FS J.K.R. Vincent – a lucky escape
In all the histories of WWII very little mention is made of the people who supported and supplied the Resistance Agents working in occupied Europe. My Uncle, John Vincent, was one of these. As a crew member (rear gunner) he flew many times in a lone aircraft low over hostile lands dropping agents and supplies.
John Keith Robert Vincent 1336764, Royal Air Force Volunteer Reserve
John had joined up as soon as he could. Training was received in Airspeed Oxfords and Whitleys and he was trained not only in firing guns but also the use of the cine camera gun. Their first operational mission was in October 1943, listed in his log book as “Operations as Detailed (France)”. I presume that due to the nature of their operations no further details could be included.
On 17 Dec 1943, he and the rest of the crew had had to bail out over East Anglia when upon returning from a mission (OPERATION MARC 1) they found that the entire country was fog bound. Without any visual it was hard to find anywhere to land and after flying for nearly 10 hours they ran out of fuel and had to bail out, leaving the plane to crash in the North Sea. Unfortunately 4 of the crew landed in water (near Harwich) and were drowned. The aircraft (LW280 NF-K) and crew at that time are pictured below: (JV is on the right)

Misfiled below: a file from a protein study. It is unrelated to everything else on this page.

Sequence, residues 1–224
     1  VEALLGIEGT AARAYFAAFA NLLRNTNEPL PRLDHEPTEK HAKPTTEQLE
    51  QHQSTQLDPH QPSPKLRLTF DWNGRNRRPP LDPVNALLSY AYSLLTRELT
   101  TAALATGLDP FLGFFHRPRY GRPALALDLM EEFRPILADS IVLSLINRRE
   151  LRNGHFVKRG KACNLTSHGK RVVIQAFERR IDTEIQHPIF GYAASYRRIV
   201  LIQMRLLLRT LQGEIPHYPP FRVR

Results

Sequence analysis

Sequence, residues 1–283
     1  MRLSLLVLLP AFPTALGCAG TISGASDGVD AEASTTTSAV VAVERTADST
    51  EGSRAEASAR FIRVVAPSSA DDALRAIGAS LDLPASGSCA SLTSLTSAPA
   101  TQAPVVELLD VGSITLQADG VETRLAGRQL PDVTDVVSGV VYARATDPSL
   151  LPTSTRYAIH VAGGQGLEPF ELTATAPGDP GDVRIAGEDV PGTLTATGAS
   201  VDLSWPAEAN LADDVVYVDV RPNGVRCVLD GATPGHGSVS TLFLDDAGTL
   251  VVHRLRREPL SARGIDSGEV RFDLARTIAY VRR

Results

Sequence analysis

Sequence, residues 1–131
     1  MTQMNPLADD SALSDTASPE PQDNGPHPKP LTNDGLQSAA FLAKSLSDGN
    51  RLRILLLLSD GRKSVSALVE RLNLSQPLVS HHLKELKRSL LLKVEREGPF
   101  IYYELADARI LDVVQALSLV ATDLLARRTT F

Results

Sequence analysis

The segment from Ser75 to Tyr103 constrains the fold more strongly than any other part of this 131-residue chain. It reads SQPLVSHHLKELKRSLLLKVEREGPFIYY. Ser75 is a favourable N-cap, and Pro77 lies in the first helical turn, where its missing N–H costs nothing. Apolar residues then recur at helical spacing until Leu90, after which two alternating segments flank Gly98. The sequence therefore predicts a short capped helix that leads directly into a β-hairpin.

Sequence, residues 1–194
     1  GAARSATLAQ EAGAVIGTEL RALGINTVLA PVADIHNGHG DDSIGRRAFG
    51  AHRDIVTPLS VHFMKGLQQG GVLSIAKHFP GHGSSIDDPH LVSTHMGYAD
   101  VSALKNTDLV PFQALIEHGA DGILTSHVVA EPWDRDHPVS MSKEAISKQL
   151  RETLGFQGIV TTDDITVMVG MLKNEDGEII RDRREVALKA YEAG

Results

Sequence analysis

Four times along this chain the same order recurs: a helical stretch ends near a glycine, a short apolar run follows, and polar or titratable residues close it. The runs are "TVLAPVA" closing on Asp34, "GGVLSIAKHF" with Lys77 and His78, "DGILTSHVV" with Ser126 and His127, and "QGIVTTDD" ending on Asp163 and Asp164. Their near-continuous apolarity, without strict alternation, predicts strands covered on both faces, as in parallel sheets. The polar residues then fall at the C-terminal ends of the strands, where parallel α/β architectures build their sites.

Of note: The Halifax bombers used by 138 Sqdn were modified and the mid turret removed to create more space – the full crew was kept as one “Air Gunner” was actually the despatcher, however it did leave the aircraft underarmed.
Sgt James Johnstone Hannah RAFVR Wireless Op / Gunner – died buried at Cathcart Cemetery
Sgt J.A. Vick – rescued
F/Sgt T.M. Thomas – Pilot – rescued
Sgt John Lynch RAFVR – Navigator – died buried at Hamilton West Cemetery
Sgt Tom Bailey Hawkes RAFVR Flight Engineer – died buried at Luton General Cemetery
Sgt Robert Marshall RAFVR – Air Bomber – died buried at Larkhall Cemetery, Dalserf, Lanarkshire
Sgt J.K.R. Vincent – rescued
This was one of the worst nights for bomber losses during WW2 – nearly 30 were lost due to getting lost in the fog or crashing on return to base after completing their missions in addition to 25 or so lost during a bombing raid on Berlin. SOE lone aircraft such as the one described here would complete their missions under the cover of the larger raids in the hope that they would more easily avoid detection.
For all the drama of the night, the log book entry seems quite understated: